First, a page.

Whenever I give an interview, or even talk about my book for more than a few seconds, the conversation inevitably shifts to my review from Kirkus and the craziness that ensued. It will become obvious in a few moments that my experience with getting a review is fairly unusual, and I would warn those who dare to make the jump to go into this with realistic expectations. That said, this is a true story.
I tried for about a year, and failed, to get an agent for my first novel. I decided to self-publish, and I carefully prepared my marketing campaign. One of the things I wanted was a pull quote from a reputable source on the cover. Kirkus Reviews felt like a good bet—high risk, high reward. They had a reputation for being tough, but their name on my cover would also carry more weight. To say that I was scared of the results would be an understatement, but I sent in my manuscript, and I patiently waited for my review.
One day the email came. I had to remind myself to breathe. That’s the first stage. Then there’s real panic, but I reminded myself that all I really needed was one line to put on my cover. I figured, at worst, it will read something like “a…book—Kirkus Reviews.” I opened the review and started reading. “This stellar debut novel…”—I’m sorry, what? “This stellar debut novel….” I read those four words a dozen times, asked my girlfriend to sit down with me. She read the same four words and then stopped. Eventually, the two of us managed to read the whole thing. We read it again, and again. Happy dance. Some wine.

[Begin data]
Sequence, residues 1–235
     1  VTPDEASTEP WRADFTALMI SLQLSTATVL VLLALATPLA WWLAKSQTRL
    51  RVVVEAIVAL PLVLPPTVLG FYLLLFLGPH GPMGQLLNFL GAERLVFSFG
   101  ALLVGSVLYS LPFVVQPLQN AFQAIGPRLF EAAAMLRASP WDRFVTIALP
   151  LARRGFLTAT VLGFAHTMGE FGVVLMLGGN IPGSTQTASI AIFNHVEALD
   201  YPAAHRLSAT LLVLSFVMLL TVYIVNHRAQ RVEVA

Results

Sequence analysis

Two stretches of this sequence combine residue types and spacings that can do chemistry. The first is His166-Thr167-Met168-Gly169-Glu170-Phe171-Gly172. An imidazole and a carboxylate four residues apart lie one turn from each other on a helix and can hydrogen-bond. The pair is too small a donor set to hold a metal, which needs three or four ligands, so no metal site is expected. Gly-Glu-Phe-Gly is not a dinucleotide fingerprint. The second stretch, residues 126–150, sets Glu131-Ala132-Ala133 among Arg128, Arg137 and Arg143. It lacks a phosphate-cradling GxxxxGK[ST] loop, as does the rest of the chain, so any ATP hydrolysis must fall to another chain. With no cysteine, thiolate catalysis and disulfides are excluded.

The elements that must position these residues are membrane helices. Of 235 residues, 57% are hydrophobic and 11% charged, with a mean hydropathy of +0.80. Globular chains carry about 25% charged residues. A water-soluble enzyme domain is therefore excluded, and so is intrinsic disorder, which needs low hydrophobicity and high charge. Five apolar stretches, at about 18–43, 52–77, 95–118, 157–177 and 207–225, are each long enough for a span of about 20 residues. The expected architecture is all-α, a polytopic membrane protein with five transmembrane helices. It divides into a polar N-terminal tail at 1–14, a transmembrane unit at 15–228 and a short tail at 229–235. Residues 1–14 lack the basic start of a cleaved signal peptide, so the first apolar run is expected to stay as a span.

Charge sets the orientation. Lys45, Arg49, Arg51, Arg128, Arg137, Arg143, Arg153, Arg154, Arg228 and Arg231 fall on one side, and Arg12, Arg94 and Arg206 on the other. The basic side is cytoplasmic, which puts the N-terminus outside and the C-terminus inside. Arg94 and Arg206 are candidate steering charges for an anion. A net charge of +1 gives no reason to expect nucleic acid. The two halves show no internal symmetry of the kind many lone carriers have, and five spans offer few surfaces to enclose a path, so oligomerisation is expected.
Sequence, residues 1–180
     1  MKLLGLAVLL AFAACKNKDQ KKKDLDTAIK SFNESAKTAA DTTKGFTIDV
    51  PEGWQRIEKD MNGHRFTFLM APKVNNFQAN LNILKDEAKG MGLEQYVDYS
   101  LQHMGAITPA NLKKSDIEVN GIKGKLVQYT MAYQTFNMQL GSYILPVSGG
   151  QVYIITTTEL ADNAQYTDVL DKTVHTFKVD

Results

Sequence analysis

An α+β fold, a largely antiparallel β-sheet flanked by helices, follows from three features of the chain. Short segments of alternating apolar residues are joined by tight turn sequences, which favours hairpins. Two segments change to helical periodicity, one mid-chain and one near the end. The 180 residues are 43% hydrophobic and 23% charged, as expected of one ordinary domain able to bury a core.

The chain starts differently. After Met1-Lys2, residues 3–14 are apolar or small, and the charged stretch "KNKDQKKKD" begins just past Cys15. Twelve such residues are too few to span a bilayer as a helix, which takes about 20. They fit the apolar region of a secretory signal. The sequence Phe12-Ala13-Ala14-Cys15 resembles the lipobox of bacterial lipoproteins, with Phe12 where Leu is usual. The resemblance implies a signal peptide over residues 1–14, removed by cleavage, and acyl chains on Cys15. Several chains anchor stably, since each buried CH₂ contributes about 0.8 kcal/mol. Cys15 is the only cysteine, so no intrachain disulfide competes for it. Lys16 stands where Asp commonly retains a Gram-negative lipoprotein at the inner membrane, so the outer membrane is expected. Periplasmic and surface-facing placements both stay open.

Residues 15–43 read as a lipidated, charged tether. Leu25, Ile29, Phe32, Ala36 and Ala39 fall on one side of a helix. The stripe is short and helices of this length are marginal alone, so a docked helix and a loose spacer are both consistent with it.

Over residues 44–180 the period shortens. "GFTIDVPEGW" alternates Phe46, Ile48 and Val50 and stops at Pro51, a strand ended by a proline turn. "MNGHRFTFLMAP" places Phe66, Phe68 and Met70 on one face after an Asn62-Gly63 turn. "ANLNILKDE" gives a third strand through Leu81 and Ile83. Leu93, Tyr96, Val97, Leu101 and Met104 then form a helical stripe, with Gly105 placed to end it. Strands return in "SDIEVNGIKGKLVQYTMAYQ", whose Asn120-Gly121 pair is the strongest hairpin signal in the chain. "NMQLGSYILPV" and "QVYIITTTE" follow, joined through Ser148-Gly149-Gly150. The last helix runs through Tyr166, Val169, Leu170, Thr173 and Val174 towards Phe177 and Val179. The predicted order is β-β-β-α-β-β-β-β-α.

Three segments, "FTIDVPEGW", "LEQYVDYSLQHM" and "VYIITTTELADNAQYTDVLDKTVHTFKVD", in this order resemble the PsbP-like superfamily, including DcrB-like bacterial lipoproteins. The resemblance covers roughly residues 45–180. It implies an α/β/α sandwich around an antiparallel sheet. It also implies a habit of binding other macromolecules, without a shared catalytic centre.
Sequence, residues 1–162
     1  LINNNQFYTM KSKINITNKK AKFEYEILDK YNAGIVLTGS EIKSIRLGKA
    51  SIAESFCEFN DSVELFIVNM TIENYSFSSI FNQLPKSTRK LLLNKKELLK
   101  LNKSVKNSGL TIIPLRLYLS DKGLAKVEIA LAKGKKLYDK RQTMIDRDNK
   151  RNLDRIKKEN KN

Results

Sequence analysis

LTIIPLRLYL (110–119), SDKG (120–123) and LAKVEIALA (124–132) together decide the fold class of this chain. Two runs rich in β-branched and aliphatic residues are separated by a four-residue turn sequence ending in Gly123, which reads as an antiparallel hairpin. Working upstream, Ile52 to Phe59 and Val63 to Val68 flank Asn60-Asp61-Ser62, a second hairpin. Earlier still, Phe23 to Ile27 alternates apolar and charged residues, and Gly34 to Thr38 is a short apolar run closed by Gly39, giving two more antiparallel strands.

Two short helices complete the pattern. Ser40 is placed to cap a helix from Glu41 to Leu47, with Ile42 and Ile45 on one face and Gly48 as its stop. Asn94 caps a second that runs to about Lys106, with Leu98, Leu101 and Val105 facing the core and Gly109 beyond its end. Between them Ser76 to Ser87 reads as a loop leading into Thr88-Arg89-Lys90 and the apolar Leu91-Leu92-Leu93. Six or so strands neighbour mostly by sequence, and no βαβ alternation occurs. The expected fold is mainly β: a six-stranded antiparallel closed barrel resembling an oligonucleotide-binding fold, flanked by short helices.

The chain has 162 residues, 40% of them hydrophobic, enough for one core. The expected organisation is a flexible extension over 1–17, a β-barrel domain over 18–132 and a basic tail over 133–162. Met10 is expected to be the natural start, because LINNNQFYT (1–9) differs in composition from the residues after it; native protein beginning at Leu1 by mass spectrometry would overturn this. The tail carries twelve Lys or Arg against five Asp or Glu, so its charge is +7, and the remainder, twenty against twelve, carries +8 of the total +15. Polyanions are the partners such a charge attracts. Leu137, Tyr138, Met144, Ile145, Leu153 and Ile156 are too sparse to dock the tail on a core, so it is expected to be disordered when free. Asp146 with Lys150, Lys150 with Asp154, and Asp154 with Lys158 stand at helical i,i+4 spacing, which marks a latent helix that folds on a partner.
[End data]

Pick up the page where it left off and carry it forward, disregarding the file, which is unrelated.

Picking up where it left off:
I had enough quotes to fill my whole cover. I was getting ready to send out review copies of my still–self-published book when the Kirkus review went online. The next day—the very next day—I got an email from a Hollywood producer asking for a copy of the book. Another one the following day, then another, and another. One of them loved the book and put me in touch with a movie agent at Creative Artists Agency. A couple weeks later, the movie rights sold to a major studio. My movie agent helped me get a book agent in New York, and I signed a contract for multiple books with Del Rey. All of that happened in one month. That was two years ago. I’m now working on the third book in the series, and I’m being published in 20 languages.
So…what was the question again?
Sylvain Neuvel dropped out of high school at age 15. Along the way, he has been a journalist, worked in soil decontamination, sold ice cream in California, and peddled furniture across Canada. He received a Ph.D. in linguistics from the University of Chicago. He taught linguistics in India and worked as a software engineer in Montreal. He is also a certified translator, though he wishes he were an astronaut. He likes to tinker, dabbles in robotics, and is somewhat obsessed with Halloween. He absolutely loves toys; his girlfriend would have him believe that he has too many, so he writes about aliens and giant robots as a blatant excuse to build action figures (for his son, of course).